DEPARTMENT OF HEALTH & HUMAN SERVICES
Public Health Service
National Institutes of Health Bethesda, Maryland 20892
October 20, 2021
The Honorable James Comer Ranking Member, Committee on Oversight and Reform U.S. House of Representatives Washington, D.C. 20515
Dear Representative Comer:
Thank you for your continued interest in the work of the National Institutes of Health (NIH). I am writing today to provide additional information and documents regarding NIH’s grant to EcoHealth Alliance, Inc.
It is important to state at the outset that published genomic data demonstrate that the bat coronaviruses studied under the NIH grant to EcoHealth Alliance, Inc. and subaward to the Wuhan Institute of Virology (WIV) are not and could not have become SARS-CoV-2. Both the progress report and the analysis attached here again confirm that conclusion, as the sequences of the viruses are genetically very distant.
The fifth and final progress report for Grant RO1AI1 10964, awarded to EcoHealth Alliance, Inc. is attached with redactions only for personally identifiable information. This progress report was submitted to NIH in August 2021 in response to NIH’s compliance enforcement efforts. It includes data from a research project conducted during the 2018-19 grant period using bat coronavirus genome sequences already existing in nature.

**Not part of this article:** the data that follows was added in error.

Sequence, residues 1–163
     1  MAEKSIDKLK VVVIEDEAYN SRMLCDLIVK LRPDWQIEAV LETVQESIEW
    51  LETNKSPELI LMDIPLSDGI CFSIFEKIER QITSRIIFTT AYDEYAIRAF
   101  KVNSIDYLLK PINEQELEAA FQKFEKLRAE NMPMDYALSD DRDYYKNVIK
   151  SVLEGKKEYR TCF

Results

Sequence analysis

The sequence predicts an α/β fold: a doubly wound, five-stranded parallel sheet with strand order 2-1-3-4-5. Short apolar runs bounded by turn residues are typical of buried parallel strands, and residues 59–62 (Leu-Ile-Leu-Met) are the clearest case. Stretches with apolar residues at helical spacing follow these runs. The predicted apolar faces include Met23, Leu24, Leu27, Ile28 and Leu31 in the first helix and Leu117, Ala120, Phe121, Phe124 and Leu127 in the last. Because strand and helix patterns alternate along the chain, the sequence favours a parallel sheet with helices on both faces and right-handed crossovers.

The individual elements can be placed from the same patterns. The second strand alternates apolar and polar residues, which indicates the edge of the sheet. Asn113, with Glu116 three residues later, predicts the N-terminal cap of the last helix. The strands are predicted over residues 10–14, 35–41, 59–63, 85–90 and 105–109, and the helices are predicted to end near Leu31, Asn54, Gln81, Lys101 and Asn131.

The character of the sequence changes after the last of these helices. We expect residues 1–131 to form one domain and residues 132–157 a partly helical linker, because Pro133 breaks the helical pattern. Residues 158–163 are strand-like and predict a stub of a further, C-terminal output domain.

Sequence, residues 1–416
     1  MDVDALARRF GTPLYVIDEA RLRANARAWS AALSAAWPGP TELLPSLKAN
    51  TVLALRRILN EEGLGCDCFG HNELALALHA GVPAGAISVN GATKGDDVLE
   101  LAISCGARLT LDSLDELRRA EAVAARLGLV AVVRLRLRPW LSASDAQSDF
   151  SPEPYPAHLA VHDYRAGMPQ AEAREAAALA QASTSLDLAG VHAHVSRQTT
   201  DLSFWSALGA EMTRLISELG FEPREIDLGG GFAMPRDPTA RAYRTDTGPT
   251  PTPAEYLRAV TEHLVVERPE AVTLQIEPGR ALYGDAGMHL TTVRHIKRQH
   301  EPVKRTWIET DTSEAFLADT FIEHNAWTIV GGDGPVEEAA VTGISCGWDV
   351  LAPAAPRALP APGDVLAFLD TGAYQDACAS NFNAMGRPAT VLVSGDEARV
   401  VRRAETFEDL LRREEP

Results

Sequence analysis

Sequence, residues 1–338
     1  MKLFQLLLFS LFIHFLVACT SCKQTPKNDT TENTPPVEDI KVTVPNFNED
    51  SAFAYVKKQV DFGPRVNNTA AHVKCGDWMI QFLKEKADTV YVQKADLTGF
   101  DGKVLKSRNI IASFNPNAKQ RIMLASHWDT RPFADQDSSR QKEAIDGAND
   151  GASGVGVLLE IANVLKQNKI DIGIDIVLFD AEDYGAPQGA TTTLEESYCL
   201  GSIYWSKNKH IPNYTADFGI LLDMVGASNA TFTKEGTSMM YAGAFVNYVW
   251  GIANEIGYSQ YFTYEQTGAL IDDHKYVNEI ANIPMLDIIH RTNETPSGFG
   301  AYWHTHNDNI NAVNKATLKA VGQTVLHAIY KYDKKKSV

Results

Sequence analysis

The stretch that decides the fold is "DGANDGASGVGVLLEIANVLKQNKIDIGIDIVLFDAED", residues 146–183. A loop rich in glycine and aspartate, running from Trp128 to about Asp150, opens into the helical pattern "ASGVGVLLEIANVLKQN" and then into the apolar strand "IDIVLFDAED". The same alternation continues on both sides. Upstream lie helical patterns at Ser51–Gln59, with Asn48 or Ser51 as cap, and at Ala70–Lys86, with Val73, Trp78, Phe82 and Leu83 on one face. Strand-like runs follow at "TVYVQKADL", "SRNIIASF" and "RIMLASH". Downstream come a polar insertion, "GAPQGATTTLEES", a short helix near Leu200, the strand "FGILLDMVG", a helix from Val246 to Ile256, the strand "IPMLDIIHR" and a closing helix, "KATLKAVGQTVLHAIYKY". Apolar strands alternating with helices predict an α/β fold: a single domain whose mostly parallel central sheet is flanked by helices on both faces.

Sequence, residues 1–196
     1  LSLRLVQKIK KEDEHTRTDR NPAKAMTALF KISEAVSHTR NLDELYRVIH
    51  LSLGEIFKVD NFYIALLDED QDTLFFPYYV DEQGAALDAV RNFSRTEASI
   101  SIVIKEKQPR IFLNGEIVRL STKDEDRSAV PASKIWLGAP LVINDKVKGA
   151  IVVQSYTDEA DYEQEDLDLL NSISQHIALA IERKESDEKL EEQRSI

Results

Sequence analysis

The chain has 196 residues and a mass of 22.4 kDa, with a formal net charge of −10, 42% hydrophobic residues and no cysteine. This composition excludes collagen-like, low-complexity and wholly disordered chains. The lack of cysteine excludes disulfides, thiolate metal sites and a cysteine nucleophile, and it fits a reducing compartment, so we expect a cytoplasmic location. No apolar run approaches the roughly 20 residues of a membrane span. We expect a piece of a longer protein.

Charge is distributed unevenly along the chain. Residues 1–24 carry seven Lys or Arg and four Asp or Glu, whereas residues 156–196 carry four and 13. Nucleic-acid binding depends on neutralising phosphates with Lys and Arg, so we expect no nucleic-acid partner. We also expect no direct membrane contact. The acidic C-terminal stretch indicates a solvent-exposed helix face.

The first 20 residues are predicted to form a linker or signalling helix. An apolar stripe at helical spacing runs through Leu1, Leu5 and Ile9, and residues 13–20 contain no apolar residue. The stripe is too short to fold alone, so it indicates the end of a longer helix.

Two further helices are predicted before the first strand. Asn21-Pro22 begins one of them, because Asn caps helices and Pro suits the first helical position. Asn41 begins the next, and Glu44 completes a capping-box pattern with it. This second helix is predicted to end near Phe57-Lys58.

The limited experiment described in the final progress report provided by EcoHealth Alliance was testing if spike proteins from naturally occurring bat coronaviruses circulating in China were capable of binding to the human ACE2 receptor in a mouse model. All other aspects of the mice, including the immune system, remained unchanged. In this limited experiment, laboratory mice infected with the SHC014 WIV1 bat coronavirus became sicker than those infected with the WIV1 bat coronavirus. As sometimes occurs in science, this was an unexpected result of the research, as opposed to something that the researchers set out to do. Regardless, the viruses being studied under this grant were genetically very distant from SARS-CoV-2.
The research plan was reviewed by NIH in advance of funding, and NIH determined that it did not to fit the definition of research involving enhanced pathogens of pandemic potential (ePPP) because these bat coronaviruses had not been shown to infect humans. As such, the research was not subject to departmental review under the HHS P3CO Framework. However, out of an abundance of caution and as an additional layer of oversight, language was included in the terms and conditions of the grant award to EcoHealth that outlined criteria for a secondary review, such as a requirement that the grantee report immediately a one log increase in growth. These